When the Obama administration announced the results of its review of Afghanistan and Pakistan policies on Friday, reporters quizzing the review's authors seemed confused. They wondered whether the recommendations announced by the president amounted to an abandonment or endorsement of the kind of population-centric counter-insurgency strategy employed in Iraq in 2007. Were we embracing a more limited counter-terror mission?
There is an ungainly German word, Vergangenheitsbewältigung, that has no equivalent in the English language. It means "coming to terms with past," and it was coined to refer to the efforts of German intellectuals, journalists, and even some politicians who, over the past half century, insisted that facing unpleasant truths about their country's history was both a moral and political necessity.
W.--Lionsgate Stages--Lemming Film Oliver Stone is, for me, the most adventurous and exciting American director of his time. Struck by some of our era's soul-chilling events and forces, he has seized them with electrifying art. No other American director has so consistently explored large political and social ravages of the day. This is not a matter of civic duty. Stone's best films are, in complex and helpful ways, discomforts. His new film, W., is about George W. Bush. Among his major films, two have also been on presidential subjects.
In many ways, it was your standard Democratic fund-raiser in a Republican stronghold. On a recent Friday, a largely bleeding-heart contingent from Maryland's first congressional district--professors from the nearby liberal arts college, a left-wing lobbyist, a Sears scion turned Obama donor, the president of an environmental foundation--holed up in a Patton Boggs lawyer's Eastern Shore home to give their earnest young congressional candidate, state prosecutor Frank Kratovil, a sympathetic pat on the back. But somebody there was not like most of the others.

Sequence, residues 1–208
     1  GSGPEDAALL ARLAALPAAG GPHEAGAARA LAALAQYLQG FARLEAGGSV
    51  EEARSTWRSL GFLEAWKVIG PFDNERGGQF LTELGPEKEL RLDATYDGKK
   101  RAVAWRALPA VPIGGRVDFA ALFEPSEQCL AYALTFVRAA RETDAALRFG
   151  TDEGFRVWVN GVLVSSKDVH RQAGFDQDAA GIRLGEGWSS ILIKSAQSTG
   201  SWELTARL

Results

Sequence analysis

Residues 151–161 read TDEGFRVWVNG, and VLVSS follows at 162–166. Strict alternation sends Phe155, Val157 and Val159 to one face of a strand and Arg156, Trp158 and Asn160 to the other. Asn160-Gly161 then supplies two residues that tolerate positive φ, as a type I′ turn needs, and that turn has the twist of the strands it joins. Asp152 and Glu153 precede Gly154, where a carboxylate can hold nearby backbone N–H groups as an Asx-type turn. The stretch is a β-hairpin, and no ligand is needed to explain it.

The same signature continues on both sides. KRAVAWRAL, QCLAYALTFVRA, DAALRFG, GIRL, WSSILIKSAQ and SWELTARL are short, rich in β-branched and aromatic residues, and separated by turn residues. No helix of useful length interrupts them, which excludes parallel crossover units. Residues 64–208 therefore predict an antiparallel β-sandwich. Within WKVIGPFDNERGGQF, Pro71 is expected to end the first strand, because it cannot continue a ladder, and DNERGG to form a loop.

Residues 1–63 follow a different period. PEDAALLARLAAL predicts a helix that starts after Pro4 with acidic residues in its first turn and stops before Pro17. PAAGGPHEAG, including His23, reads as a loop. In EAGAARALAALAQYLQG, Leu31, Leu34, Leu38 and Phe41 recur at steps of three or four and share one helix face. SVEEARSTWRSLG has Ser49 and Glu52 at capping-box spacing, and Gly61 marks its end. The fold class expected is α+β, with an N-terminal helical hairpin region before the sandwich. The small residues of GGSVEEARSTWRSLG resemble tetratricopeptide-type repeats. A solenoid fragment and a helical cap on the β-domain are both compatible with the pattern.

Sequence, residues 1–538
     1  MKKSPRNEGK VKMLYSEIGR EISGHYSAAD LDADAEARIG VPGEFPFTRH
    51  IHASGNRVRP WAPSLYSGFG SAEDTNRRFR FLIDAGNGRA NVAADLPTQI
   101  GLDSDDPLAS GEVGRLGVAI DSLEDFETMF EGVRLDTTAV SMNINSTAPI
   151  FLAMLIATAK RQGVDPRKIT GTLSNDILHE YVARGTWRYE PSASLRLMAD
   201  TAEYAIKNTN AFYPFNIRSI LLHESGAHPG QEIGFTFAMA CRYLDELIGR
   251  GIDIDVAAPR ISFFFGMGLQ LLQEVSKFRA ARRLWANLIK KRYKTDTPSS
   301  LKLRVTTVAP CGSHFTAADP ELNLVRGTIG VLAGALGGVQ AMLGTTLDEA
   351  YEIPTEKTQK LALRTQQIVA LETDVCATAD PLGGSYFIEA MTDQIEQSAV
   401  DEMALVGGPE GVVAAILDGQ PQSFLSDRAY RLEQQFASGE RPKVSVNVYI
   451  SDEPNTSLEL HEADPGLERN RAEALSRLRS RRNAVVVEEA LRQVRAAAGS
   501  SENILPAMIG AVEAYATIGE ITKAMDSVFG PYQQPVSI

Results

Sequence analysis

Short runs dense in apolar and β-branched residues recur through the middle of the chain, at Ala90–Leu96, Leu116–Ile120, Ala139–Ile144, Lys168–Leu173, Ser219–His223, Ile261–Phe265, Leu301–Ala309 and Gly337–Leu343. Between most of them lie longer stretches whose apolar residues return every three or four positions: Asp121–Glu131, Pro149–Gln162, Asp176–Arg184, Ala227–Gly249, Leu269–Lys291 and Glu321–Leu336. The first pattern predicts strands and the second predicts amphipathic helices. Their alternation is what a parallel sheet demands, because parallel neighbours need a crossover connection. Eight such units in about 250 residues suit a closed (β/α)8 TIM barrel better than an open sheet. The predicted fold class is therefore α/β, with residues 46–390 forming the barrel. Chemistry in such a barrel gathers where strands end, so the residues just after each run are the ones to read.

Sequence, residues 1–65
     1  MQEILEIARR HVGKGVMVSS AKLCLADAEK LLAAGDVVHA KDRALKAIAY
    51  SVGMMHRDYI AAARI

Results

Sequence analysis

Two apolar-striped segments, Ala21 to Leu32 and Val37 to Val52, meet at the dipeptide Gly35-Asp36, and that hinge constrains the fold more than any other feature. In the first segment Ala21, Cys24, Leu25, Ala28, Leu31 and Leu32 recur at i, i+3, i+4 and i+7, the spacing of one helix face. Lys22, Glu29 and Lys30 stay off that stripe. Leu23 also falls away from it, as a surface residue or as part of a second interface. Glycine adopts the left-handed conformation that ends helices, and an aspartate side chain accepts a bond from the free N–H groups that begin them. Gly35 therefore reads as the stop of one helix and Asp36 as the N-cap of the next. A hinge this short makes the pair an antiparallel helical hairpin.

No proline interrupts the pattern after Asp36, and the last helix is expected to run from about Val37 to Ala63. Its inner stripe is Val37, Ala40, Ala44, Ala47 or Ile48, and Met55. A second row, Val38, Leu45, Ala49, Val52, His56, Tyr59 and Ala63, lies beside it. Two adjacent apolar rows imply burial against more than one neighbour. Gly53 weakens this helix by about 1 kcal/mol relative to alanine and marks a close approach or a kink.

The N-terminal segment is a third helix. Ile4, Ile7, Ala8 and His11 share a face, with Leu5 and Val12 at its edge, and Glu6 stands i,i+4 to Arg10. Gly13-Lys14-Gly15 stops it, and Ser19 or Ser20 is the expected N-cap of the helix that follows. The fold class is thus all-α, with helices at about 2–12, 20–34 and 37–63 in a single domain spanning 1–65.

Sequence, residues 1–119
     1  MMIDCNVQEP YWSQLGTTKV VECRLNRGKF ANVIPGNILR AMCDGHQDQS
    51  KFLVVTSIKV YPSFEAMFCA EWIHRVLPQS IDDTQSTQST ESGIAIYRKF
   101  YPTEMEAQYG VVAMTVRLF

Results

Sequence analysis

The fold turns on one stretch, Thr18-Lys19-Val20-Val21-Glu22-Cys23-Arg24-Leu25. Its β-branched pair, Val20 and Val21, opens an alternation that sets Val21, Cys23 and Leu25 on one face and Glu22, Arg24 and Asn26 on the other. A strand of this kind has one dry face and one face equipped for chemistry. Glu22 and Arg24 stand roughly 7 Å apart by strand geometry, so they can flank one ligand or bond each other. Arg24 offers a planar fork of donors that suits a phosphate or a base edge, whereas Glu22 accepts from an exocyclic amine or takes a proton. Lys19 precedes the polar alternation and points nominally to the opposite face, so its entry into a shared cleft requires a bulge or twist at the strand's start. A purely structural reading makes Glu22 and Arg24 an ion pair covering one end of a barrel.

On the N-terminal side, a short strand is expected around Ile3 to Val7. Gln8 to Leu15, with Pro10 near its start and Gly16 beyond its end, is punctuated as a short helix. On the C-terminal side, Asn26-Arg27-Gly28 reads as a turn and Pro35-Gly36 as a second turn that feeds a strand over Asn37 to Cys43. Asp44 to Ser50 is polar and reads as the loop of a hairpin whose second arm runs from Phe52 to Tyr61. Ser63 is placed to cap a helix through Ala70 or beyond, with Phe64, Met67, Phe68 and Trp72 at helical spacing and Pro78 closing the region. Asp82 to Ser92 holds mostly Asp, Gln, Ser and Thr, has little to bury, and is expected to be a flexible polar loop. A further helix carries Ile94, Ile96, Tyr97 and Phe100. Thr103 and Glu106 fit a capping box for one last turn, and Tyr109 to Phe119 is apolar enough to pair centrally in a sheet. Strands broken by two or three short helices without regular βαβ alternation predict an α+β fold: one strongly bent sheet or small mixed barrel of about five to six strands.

'This election," said John McCain's campaign manager, Rick Davis, on the second day of the Republican convention, "is not about issues." And he meant it. The convention that Davis helped assemble devoted strikingly little time to policy. Instead, the focus was on McCain's biography. Fred Thompson set the tone early in the convention, using his address to recount McCain's life story, especially his stint as a prisoner of war. In state delegation meetings during the week, the campaign enlisted the candidate's fellow POWs to tell delegates of his experiences in Vietnam.
The first thing you notice out in the early pages of Bob Woodward's The War Within are the showy indictments of President Bush, who leans on poor General George Casey, Jr. like a fraternity pledge-master disappointed with his charge. Casey, who's something of an academic (he studied IR at Georgetown and the University of Denver, and he'd never been in combat) accuses Bush of focusing on body counts, an attitude that Casey identifies with the "Kill the bastards!
Alan Brinkley--who is the provost and a professor of history at Columbia University, as well as a National Book Award-winning author--will be writing for us throughout the Republican convention. One more thought from yesterday's convention in St. Paul: The most powerful speech came from Fred Thompson--an energy-less candidate in the primaries who finally seemed to summon some passion last night.
Yesterday, Anthony Swofford, a Marine Corps veteran and the author of Jarhead and Exit A, previewed the Democrats' plans to honor veterans at the convention. How'd the Dems do? Here's Swofford's response: I think they might have done it. With a post-Vietnam roster of veterans speaking from the dais, the Obama campaign presented a youthful, vigorous, and engaged voting block of former warriors last night at the DNC.